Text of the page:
|INTERACTIVE (Rate the Review)||
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|Cinema Signal: Not quite a green light but has elements of strong appeal for a limited audience.|
No kidding. If you chained-smoked half as much as the plotting ladies in this twisty dramedy, you'd be hyperventilating, too. But, that's not the only physical function the trailer trash pals are short on. This comic duo in director, co-writer Jesse Baget's bag of exaggerated comedy is based on the premise that a low-brow fantasy is only as good as the body count, betrayals and fortune at stake. Besides the cigarette smoke, there's double-cross in the Clark County, Texas air.
As he's playing cute -- as though he's got all the cards in the deck as he clearly doesn't -- Lorna calls best girlfriend Tiny (gorgeous Kelli Giddish) to come over and help her deal with the situation. But before these two molecule-size brainiacs come up with a plan, the gun accidentally goes off. Which wouldn't be so bad if the bullet didn't hit Dale square between the eyes.
Doesn't seem to throw Lorna off her game, though, just now she'g got to figure out a way to get rid of the body which is clearly a nuisance. If you've seen the poster on this film you can see Giddish holding an electric carving knife, so it should come as no surprise just how far Baget and his co-writer Stefania Moscato are willing to let these girls go as the gravity increase with the arrival of Sheriff Cooley who would like a word with Dale re the bank heist. But he's no match for a gal who knows her rights and he's obliged to keep his eyes on the trailer from the road while his deputies get a search warrant.
Since he's soon asleep he doesn't notice the arrival of Maurice Doucette, P.I. who, it turns out, knows a lot more about the case than even someone like him should.
The general mirth level of this study in brainlessness is held up with a constantly flowing set of shocks that show no regard for realistic sensibility -- but the laughs, which some will think it riotous, will make it worthwhile for that part of the mad-movie universe who love a farce more'n anything.
"Breathless" follows Baget's "Cellmates" which was in similarly synthethic/psychotic mode but had a much deeper handle on satire. My guess is that "Cellmates" made money on its estimated $3 Mil cost.
Sticking with that low-cost formula, Baget puts his small cast to work on one location for the entire piece with nothing ventured outside the property lines. He hews to a mimimum running time and he gets actors who are probably working for close to scale. I'd like to see what someone who pulls off so much with such limited resources on Congress's Budget Committee. This time out he's working with a $5 Mil budget so, apparently, someone else agrees with what this guy's got going.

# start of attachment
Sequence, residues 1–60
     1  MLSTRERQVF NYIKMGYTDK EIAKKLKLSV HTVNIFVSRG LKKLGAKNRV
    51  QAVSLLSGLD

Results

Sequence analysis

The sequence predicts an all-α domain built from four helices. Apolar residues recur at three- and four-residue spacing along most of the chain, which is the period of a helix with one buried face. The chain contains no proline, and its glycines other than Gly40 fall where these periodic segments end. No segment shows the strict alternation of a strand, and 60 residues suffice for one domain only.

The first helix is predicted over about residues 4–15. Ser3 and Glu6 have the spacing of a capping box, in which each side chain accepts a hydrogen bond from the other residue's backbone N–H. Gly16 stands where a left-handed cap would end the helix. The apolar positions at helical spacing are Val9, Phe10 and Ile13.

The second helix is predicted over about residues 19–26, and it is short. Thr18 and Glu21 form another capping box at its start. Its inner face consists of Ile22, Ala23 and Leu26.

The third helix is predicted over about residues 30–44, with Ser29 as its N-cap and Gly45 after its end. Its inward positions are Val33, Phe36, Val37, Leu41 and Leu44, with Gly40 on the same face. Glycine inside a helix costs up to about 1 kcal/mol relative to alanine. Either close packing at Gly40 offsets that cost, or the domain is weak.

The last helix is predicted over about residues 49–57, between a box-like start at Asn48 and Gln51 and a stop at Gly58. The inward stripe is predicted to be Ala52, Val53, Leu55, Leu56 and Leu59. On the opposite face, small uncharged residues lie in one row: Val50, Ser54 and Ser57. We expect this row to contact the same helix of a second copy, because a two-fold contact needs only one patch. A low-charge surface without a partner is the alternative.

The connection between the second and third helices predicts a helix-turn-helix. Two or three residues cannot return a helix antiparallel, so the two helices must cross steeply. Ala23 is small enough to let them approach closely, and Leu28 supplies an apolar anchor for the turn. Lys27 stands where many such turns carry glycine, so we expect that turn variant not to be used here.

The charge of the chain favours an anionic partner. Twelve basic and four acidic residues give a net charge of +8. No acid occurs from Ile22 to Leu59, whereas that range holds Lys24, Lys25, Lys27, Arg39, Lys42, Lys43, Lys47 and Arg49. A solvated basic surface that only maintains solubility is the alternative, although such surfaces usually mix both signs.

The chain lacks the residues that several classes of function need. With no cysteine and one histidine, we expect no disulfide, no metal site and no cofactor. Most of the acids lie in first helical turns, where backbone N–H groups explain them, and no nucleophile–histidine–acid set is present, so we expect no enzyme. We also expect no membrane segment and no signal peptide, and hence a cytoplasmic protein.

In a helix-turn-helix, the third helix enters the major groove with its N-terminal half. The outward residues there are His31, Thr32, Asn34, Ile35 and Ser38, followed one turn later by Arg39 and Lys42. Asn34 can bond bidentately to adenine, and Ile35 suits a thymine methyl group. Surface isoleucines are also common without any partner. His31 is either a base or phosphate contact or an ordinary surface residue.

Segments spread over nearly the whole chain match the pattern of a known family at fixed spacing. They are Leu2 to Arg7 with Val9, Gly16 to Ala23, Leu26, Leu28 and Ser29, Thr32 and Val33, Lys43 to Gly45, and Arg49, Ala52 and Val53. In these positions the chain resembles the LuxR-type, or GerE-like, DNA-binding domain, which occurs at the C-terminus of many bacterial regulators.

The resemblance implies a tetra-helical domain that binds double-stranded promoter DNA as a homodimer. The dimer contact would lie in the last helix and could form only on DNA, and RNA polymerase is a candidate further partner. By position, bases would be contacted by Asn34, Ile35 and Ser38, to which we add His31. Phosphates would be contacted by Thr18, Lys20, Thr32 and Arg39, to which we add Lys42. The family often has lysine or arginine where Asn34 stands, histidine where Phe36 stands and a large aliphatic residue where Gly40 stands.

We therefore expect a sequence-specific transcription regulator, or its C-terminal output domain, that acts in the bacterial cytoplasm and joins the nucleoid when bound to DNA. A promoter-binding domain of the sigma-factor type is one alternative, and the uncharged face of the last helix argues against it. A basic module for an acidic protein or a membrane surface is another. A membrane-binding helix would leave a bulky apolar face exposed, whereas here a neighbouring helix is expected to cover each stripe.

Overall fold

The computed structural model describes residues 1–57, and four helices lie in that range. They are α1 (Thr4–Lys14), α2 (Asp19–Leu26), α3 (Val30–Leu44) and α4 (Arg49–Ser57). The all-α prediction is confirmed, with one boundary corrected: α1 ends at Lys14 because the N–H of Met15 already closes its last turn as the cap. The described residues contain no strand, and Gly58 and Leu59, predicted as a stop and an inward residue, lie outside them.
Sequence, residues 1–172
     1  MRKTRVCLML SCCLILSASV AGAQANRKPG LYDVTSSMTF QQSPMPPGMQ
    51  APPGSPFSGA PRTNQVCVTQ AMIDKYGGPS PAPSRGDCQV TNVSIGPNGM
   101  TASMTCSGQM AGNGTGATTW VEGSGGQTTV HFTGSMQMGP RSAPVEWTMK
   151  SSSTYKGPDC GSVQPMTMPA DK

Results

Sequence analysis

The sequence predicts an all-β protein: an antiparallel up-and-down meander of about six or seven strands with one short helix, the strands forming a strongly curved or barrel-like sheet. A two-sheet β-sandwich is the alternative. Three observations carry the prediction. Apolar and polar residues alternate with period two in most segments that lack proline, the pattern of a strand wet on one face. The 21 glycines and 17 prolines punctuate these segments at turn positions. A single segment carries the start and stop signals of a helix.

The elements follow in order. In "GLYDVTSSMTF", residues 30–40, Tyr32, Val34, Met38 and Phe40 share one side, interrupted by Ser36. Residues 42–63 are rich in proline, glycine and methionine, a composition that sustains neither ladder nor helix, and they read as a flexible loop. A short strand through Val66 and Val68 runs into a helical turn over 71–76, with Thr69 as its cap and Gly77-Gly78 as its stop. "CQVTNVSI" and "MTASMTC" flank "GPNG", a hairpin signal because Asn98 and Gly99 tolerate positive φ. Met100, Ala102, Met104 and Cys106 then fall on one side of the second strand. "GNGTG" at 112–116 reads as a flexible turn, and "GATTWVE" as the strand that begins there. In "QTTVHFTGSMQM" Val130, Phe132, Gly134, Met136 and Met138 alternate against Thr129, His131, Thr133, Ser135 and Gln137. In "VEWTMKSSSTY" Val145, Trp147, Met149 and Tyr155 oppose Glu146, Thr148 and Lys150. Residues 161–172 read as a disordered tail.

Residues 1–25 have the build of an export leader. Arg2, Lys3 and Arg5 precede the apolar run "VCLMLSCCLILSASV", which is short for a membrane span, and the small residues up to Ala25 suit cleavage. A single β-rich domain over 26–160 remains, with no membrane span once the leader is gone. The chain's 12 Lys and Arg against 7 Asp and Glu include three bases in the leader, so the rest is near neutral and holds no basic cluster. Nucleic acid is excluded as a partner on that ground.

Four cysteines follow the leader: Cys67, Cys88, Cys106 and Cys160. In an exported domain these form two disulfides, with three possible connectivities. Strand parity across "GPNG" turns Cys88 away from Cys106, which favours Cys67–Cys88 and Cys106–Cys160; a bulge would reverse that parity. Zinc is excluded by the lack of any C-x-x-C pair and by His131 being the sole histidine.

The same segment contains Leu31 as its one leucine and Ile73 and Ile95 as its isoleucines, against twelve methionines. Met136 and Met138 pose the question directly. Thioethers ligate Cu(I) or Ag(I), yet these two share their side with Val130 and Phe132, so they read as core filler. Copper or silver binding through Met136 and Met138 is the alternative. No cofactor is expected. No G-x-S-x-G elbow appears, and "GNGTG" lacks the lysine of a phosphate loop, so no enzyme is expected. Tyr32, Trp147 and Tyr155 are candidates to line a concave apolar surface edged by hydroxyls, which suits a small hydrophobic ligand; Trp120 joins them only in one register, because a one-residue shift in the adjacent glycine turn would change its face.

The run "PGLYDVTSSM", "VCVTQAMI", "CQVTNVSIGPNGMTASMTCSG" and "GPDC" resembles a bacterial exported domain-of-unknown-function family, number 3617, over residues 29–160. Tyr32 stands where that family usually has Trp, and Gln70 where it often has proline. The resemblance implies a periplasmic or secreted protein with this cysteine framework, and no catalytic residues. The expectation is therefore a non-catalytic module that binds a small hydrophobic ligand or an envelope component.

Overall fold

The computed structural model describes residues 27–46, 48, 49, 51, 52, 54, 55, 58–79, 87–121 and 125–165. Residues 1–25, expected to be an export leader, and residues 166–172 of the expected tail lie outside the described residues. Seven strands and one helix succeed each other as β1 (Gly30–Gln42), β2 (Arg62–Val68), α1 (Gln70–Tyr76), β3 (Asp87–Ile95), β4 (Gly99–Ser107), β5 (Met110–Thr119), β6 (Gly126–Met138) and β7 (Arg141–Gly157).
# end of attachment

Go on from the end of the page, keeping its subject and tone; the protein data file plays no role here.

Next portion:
But, there's a creative cost. The outrageousness of the violence and actions here challenge the actors and there are signs of a rushed schedule. The cast is a game lot as far as fitting their talents to the extreme behaviors Baget and his script call for, but it's not all smooth sailing. Giddish, with whom I formed a fan bond off her series, "Chase," is the worst off.
With a largely reactive role to Lorna's bizarre actions and ideas, her performance is more subjected to tight editing than anyone else's. My hopes for her kept getting dashed as her reactions were held far longer than she had material to work off. I don't think editor Peter Basinski ("The Caretaker") is to blame. Further tightening on the editing table could have resulted in something short of feature length. "Breathless" runs 91 minutes.
While I see flaws in Baget's work, I also think I detect a promising film stylist who deserves attention and encouragement. Maybe I think so because of the audacity and daring in his work. He's a laughmaker and a satirist who may one day give us a masterpiece. It will be sometime beyond this entry into the low-brow humor-thriller bin, but the possibility could be lingering out there. It'll be fun.
~~ Jules Brenner